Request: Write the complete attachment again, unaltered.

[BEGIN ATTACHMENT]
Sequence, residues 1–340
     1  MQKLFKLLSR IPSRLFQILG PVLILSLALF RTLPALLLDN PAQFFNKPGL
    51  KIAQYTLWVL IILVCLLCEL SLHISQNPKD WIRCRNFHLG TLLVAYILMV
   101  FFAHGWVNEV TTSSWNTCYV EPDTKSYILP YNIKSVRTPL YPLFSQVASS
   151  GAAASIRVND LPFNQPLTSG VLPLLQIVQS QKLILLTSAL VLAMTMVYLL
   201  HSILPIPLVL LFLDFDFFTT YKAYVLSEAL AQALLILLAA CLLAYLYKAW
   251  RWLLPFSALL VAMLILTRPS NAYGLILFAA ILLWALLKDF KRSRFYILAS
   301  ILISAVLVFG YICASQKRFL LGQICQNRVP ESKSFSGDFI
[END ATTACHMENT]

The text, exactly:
Sequence, residues 1–340
     1  MQKLFKLLSR IPSRLFQILG PVLILSLALF RTLPALLLDN PAQFFNKPGL
    51  KIAQYTLWVL IILVCLLCEL SLHISQNPKD WIRCRNFHLG TLLVAYILMV
   101  FFAHGWVNEV TTSSWNTCYV EPDTKSYILP YNIKSVRTPL YPLFSQVASS
   151  GAAASIRVND LPFNQPLTSG VLPLLQIVQS QKLILLTSAL VLAMTMVYLL
   201  HSILPIPLVL LFLDFDFFTT YKAYVLSEAL AQALLILLAA CLLAYLYKAW
   251  RWLLPFSALL VAMLILTRPS NAYGLILFAA ILLWALLKDF KRSRFYILAS
   301  ILISAVLVFG YICASQKRFL LGQICQNRVP ESKSFSGDFI